The games are played at Sam Suplizio Field, a dandy of a baseball diamond with a magnificent view from behind home plate of the Grand Mesa — the country’s largest flattop mountain.
The NJCAA’s Division I Junior College Baseball World Series is on after being canceled in 2020 because of the COVID-19 pandemic. The 10-team, double-elimination tournament opens May 29 and runs through June 4, or June 5 if necessary.
Opening day features a quadruple-header, beginning at 9 a.m. local time, with the final game set for 7:30 p.m.
For those not in the junior college loop, walking onto the field named for a 1950s New York Yankees’ top prospect is a dream realized for any player aspiring to compete for a championship no matter the level of competition.
It’s a bit of hike to get to Grand Junction. About four hours west of Denver and 4 ½ hours southeast of Salt Lake City, it’s a place where roads marked as 25 ½ and F ¾ make perfect sense. But it’s been the host of the JUCO World Series — the condensed version —- since 1959. Recently, the contract between the NJCAA and the city was extended through 2045.
“It was a difficult year for everyone because of COVID, and it will be a little different this year,” longtime JUCO World Series tournament chairman Jamie Hamilton said. “The bottom line is our family reunion is back.”
It will be different. The stadium seats about 7,000 but can hold close to 10,000. Following the COVID-19 guidelines set by the Grand Junction Health Department, masks are optional, social distancing is required and attendance is limited to 3,000.
Most of the field will be determined by the end of the weekend, and for the first time the NJCAA will seed teams rather than using a regional rotation system.
District playoffs were played in places such as Ozark, Alabama; Salina, Kansas; Wilburton, Oklahoma; and Florence, South Carolina. The district names range from the Appalachian to the Plains.
Through Friday, teams earning trips to Grand Junction include San Jacinto College (Texas), Florence-Darlington (S.C.), Miami-Dade (Florida), Shelton State (Alabama) and Walters State (Tennessee).
Some consider San Jac the Yankees of junior college. The school has been in the tournament so often it has its own cheering — and booing — sections. It also has also produced dozens of major leaguers, including Roger Clemens and Andy Pettitte. The Gators (48-13, No. 4 in the NJCAA baseball poll) will be making their record-extending 24th appearance in the series, with five national championships but none since 1990. Coach Tom Arrington, in his 21st season, has a team in the tournament for the 11th time with no titles but six losses in the final game.
“There’s no doubt the buzz is back to get to Grand Junction and play for a championship,’’ said Arrington, who recently picked up career win No. 900 and is a member of the NJCAA Baseball Coaches Hall of Fame. “It’s been such a difficult road with COVID and the issues going on with our country.
“But the Grand Junction community has created such a great atmosphere for our kids to play — and you don’t realize it until you get to such a special venue like this one.”
Christopher Parker, president and CEO of the National Junior College Athletic Association, is among those happy to have the tournament in motion again.
“This is all about us doing everything we can to keep everyone safe and still have a great atmosphere,” he said.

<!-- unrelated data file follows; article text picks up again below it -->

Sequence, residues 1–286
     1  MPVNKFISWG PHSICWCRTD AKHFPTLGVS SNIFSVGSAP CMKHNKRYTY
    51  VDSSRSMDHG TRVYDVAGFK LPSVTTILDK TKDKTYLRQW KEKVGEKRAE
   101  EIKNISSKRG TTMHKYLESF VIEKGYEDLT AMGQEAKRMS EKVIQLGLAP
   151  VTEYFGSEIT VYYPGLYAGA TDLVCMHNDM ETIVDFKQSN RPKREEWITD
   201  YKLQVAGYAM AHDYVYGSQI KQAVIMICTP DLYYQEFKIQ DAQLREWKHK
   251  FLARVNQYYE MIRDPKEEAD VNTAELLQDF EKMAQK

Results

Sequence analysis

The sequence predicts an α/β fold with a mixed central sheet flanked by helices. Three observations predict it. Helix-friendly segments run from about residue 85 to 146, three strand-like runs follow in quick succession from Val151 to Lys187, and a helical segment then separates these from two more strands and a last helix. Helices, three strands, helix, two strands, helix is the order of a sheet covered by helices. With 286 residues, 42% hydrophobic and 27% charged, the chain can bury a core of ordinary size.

Most players are awed by the size of the field and the number of fans, many of them youngsters hoping for autographs. The dimensions are a major league-like 365 feet in left field, 400 in center and 330 in right.
“Many days at our home games, there’s more scouts than spectators,’’ Arrington said. “To see so many fans in a stadium, our players know it’s for real. It builds excitement. These kids worked hard to get here and want to play well.”
Oddly, the tournament is not televised. The only way to watch is through live streaming at the NJCAA website — for a fee. For now.
“We’ve had multiple conversations with national broadcast companies about getting the national championship game on TV,’’ Parker said. “I would simply say we’re having good conversations.”
Hamilton, who has guided this tournament for more than 35 years, was unsettled when the 2020 Memorial Day weekend began with no baseball.
“On the first morning, I usually wake up at 5 and I’m on the field by 6 but after eating breakfast and then reading I said, ’What am I supposed to do now?” he said. “It got to the point where my wife said, ‘Do you want to play golf or something?’”
The stage is set for the show to go on.
“The bells and whistles that we’ve had for years probably won’t be there,’’ Hamilton said, “but we’re going to show what western Colorado people do and give them a chance to play for the championship they couldn’t last year.”
JUCO Notes: There are about 180 junior colleges in Division I of the NJCAA, and dozens of top major league players got their careers rolling by playing in the JUCO World Series. Among them: Hall of Famer Kirby Puckett (Triton College, River Grove, Illinois); Brandon Belt (San Jacinto); Bryce Harper (Southern Nevada); pitchers Eric Gagne (Seminole JC, Oklahoma); Cliff Lee (Meridian JC, Mississippi); and John Lackey (Grayson County College, Denison, Texas). … Sam Suplizio was a rising star in the Yankees organization in the late 1950s before fracturing his throwing arm while sliding into second in a 1956 minor league game. He eventually settled in Grand Junction and was instrumental in bringing an MLB team to Colorado in 1993. He served for decades as tournament chairman of the JUCO World Series. He died in 2006 at 74.